As the vision continues in verses 13 and 14, the worship now expands to include every living creature in the universe, singing their hymn of praise addressed this time to God who sits on the throne and the Lamb. The attributes to describe God and the Lamb in both hymns or one ongoing hymn are similar: power, wealth, wisdom, might, honour, glory, and blessing.

One homiletic possibility may be to focus on the question of what does it mean to worship God and Jesus the Lamb today? In relation to that, a focus on the significance of music and liturgy in worship to offer our praise and sense of awe and wonder together in the presence of the faith community and of God, may be one way to develop a sermon. Each Sunday is a reminder and celebration of Jesus’ resurrection, and the consequences of that event for the church as well as all of creation.

A Lectionary Reflection on Philippians 2:5-11, Palm/Passion Sunday

Image credit: Gustave Dore

Palm/Passion Sunday frequently leaves preachers with the dilemma of choosing one over the other. Moreover, another dilemma is, if preachers choose to focus on Passion Sunday, then what pericope does one choose to preach on—given the lengthy gospel reading. It is very difficult to preach on the gospel adequately—unless the preacher focuses on only a portion of the gospel—given all of the events in the Passion Narrative. Consequently, some preachers opt for a dramatization of the Passion Narrative instead, involving the whole congregation in participating in a play or a dramatic reading. This latter option affords the Passion Narrative to ‘preach’ on its own. Another option may be to choose to preach on the epistle pericope.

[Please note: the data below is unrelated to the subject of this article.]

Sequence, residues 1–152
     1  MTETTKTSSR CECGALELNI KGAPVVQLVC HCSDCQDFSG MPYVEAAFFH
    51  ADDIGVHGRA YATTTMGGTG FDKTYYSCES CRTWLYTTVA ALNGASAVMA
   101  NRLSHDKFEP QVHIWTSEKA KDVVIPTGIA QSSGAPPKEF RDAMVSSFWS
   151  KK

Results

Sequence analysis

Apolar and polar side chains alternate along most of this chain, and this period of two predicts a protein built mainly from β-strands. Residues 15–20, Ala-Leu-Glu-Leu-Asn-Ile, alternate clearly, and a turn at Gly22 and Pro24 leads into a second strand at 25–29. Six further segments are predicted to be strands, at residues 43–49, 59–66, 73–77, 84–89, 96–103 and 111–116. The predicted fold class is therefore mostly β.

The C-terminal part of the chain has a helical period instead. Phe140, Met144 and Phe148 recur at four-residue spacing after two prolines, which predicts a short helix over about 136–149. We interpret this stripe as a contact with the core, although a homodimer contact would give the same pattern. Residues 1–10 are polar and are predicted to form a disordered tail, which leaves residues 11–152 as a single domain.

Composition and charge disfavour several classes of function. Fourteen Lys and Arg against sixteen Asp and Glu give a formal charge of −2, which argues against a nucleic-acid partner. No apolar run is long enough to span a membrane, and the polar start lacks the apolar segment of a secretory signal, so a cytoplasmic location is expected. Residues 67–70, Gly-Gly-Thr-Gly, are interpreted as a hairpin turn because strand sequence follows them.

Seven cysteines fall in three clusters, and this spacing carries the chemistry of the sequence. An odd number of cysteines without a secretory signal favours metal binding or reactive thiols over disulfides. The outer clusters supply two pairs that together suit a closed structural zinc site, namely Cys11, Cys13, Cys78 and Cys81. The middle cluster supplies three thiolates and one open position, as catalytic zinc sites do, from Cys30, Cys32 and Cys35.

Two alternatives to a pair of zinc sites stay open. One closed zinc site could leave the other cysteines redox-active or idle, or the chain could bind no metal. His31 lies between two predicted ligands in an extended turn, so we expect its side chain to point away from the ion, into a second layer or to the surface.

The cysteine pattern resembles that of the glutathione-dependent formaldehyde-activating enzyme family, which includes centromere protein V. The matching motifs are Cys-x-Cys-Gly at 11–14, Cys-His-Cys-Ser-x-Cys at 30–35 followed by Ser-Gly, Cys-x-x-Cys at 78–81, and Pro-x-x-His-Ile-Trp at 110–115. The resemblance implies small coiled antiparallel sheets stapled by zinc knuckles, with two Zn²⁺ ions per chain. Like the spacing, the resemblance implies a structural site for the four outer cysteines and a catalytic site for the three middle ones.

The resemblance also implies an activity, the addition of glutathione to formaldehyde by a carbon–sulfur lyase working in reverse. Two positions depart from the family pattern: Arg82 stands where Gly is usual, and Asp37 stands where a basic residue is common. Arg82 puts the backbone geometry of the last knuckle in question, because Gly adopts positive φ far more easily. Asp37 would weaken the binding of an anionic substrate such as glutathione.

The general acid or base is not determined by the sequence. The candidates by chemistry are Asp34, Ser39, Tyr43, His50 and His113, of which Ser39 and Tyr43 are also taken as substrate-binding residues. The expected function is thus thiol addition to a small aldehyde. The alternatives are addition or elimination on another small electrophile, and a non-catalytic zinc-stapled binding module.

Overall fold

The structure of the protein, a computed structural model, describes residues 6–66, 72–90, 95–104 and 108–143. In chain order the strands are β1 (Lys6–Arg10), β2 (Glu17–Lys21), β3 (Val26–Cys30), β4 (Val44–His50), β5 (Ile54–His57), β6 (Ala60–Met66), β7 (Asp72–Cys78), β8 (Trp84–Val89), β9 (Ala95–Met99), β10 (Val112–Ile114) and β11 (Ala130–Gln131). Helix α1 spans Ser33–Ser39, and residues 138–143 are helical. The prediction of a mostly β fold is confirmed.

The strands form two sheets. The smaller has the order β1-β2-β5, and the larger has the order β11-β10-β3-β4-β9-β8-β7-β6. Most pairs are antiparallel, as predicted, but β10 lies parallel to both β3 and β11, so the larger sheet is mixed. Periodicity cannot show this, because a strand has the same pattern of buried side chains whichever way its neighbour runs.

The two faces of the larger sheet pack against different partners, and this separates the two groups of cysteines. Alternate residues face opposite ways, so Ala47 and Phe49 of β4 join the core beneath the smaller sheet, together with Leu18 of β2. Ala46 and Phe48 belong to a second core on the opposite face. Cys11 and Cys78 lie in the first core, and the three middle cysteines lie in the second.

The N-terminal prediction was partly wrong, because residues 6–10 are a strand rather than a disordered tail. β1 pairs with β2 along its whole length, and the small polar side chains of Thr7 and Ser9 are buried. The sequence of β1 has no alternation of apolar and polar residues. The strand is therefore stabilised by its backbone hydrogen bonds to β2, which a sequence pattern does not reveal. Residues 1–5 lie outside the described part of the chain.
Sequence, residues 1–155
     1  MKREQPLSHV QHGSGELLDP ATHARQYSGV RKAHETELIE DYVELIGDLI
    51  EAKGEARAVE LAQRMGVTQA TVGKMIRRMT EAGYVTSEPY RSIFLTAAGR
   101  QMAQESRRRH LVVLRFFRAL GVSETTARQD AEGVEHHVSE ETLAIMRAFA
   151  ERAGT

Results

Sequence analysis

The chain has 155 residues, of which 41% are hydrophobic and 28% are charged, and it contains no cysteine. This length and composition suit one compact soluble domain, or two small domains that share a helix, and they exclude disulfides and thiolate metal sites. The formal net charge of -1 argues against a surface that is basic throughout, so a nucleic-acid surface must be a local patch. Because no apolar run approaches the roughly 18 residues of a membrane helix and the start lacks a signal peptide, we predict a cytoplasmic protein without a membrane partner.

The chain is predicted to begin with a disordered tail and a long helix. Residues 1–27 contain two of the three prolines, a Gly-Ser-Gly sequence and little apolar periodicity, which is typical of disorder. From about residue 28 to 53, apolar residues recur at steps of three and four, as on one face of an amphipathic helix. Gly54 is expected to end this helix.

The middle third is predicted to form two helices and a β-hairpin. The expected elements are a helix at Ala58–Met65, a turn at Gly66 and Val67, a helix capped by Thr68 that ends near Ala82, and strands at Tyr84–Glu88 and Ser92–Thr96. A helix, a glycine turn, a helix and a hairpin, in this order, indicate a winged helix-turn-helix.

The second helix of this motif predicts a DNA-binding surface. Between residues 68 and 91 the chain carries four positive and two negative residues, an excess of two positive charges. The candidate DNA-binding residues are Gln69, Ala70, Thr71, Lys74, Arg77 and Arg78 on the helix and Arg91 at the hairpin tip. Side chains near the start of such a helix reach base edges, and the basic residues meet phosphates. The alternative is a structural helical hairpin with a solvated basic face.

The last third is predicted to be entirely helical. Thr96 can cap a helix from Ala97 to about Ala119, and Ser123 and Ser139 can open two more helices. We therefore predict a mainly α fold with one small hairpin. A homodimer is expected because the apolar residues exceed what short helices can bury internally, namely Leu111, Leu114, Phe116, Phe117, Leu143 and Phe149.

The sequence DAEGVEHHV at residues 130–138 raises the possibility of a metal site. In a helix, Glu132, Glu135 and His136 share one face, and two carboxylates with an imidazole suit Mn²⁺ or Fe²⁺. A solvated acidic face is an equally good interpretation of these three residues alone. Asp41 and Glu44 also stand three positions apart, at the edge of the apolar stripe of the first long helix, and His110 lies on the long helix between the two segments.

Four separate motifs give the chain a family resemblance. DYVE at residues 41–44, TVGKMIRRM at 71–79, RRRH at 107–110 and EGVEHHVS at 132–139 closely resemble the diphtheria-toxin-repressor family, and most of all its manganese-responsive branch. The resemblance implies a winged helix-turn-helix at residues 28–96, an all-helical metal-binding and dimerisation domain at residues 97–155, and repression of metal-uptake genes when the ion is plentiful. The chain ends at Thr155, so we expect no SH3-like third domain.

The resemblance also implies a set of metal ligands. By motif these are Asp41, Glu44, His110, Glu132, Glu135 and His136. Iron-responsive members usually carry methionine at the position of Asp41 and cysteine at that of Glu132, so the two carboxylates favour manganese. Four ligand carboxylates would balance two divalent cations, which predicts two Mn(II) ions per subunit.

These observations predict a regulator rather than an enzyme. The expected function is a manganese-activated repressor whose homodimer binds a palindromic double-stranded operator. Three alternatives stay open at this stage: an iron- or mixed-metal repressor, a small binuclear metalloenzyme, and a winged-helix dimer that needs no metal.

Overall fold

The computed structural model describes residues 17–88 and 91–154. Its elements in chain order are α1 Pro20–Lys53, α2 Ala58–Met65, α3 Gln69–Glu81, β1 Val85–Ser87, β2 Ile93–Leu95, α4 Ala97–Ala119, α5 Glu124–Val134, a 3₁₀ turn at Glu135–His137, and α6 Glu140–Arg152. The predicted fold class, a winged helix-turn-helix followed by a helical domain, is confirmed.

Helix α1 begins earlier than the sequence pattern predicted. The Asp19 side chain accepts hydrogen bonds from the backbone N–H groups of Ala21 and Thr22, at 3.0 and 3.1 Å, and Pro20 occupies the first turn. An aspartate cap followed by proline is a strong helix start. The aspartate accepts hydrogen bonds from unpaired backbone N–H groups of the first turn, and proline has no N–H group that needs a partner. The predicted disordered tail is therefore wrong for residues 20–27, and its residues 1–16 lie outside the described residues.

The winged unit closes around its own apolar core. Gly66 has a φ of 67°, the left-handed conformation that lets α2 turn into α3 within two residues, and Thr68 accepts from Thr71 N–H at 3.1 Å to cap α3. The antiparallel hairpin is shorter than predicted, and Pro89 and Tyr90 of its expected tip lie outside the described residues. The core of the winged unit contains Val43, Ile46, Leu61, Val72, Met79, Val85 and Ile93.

Indeed, our pericope from Paul’s letter to the Philippians affords the preacher with an opportunity to deliver a sermon that celebrates both Palm and Passion Sunday.

New Testament scholars have often referred to this pericope as an early Christian Christological hymn that Paul either composed himself or cites from another earlier, unnamed source.

The opening verse 5 is an exhortation to the church at Philippi to have the same mind—the same way of thinking, the same attitude toward God, one another, and the living out of life—that was in Christ Jesus.

In verse 6, mention of Jesus being “in the form of God” may refer to his divine pre-existence, similar to that motif in the first chapter of John’s Gospel.

As the hymn continues in verses 6b-8, there is an emphasis on the humility of Jesus, his self-emptying, even to the point of “taking the form of a slave.” A slave, of course, is regarded as the lowest form and class of a human being. The word humility is derived from the word humus—from the earth, or to put it another way, down-to-earth. This emphasis reminds the church at Philippi and us of the extent to which Jesus went to lower himself to be in solidarity with all of humankind. Indeed, his public ministry epitomised his humility by reaching out to society’s outcasts, sinners, the poor, etc., and drawing them into his divine realm—transforming them from being the lowest and the last to the highest and the first.

These verses focusing on Christ’s humility connect with his triumphant entry into Jerusalem on Palm Sunday, when he chose to enter that city by riding one of the humblest of animals, a donkey. This was the extreme opposite of what many believed at that time about the Messiah. Instead of a non-violent, peaceful, humble Messiah, riding on the humblest of animals; many believed that the Messiah would be a powerful political and military figure riding on a white stallion or riding in a decorative chariot drawn by white stallions to celebrate his victory campaign of overthrowing the Romans.